This post was inspired by a lecture series of Carl Bender .
I will consider the function on the complex plane, defined by
Have a look at a complex plot of it
- has a a logarithmic singularity at .
- is analytic in
- has a logarithmic cut on the line
For the following series representation holds
Claim: The series sucks in practice!
The study (i)
Once upon a time some guy called Padé came along, being unnerved by the wackness of Taylor-like series, and proposed what is now known as Padé approximants. His idea was to find polynomials and of degree and , such that
In a similar way of Taylor polynomials approximating , he simply tried rational expressions.
Q: How does one find these these polynomials? A: By comparing to the Taylor series.
Example 1: Find . Start with an ansatz:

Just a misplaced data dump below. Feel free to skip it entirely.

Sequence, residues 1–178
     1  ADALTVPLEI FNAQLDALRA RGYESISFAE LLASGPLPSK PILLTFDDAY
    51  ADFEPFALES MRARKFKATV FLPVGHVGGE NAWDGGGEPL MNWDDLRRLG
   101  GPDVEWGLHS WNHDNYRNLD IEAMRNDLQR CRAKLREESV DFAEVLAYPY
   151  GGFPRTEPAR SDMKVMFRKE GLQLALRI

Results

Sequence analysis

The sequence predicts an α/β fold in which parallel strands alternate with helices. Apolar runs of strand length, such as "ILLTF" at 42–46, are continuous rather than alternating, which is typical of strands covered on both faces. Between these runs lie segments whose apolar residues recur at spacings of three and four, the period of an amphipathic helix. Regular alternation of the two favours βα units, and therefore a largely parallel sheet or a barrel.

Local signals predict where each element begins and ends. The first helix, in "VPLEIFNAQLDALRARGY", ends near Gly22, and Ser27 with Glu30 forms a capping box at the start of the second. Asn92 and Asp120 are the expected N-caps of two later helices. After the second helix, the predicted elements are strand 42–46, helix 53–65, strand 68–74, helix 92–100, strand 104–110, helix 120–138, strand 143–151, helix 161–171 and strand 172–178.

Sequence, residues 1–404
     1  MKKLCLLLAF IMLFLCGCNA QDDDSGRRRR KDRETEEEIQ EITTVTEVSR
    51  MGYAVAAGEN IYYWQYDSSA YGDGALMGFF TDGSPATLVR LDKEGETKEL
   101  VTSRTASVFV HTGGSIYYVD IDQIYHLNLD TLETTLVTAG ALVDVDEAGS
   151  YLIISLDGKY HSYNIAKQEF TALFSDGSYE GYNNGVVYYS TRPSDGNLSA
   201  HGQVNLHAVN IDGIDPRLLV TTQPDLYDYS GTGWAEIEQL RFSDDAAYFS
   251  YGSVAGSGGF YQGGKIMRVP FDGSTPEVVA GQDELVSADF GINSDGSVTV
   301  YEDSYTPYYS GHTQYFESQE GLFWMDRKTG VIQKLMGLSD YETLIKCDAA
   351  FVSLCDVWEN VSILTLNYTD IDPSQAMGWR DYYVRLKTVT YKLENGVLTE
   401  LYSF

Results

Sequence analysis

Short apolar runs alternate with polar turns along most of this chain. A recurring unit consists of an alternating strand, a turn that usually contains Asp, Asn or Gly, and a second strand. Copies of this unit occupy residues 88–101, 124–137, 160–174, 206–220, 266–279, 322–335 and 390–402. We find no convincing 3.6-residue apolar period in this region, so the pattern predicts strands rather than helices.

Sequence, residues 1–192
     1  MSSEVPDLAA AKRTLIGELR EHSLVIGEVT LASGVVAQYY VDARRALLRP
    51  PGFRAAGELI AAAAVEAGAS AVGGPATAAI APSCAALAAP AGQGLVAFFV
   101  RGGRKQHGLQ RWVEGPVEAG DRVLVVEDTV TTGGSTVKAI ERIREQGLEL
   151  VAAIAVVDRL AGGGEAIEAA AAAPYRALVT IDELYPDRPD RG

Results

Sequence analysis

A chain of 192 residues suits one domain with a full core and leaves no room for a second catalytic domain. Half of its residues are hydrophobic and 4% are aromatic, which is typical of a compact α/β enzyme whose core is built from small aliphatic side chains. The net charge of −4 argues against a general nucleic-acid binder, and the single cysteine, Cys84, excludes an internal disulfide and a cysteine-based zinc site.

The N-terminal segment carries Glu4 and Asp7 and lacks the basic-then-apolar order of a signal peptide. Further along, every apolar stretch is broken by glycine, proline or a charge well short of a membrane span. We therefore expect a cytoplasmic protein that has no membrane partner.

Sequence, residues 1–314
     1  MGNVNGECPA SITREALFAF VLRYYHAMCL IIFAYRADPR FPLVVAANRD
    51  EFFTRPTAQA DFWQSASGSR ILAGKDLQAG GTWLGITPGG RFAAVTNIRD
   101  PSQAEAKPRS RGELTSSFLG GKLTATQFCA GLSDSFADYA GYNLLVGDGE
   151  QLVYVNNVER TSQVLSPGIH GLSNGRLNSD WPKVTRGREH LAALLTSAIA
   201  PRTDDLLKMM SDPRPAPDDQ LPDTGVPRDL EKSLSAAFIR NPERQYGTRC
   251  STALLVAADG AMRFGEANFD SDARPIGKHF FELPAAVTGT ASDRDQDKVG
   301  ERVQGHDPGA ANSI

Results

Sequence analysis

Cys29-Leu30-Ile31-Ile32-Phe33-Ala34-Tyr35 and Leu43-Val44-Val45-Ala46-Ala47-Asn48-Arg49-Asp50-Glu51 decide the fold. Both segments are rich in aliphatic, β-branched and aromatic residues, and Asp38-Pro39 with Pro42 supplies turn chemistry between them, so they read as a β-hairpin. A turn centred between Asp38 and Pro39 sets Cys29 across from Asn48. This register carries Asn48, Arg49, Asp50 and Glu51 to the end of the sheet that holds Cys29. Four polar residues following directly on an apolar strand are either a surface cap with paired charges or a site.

where I already put the lowest order coefficient in the denominator to , which is a convention that removes the ambiguousness of the polynomial parameters when considering ratios. So we have four parameters, which we can match to a Taylor polynomial of order three. To make progress, we expand our ansatz in powers of
where I already dropped terms that will be of fourth power or higher in . This expression should be matched to order by order in . A little algebra yields
This set of equations has a simple solution, resulting in
A quick fireprobe: this approximant suggests the approximate value for . This isn’t too bad, in fact you can add it to your stash of quick and dirty calculation library. Students are always impressed by this sort of witchcraft. I dare you to find an easier-to-remember value from the series representation…
Example 2: The Taylor polynomials are contained within the Padé approximants as
To be continued… I’m lacking blogging time atm…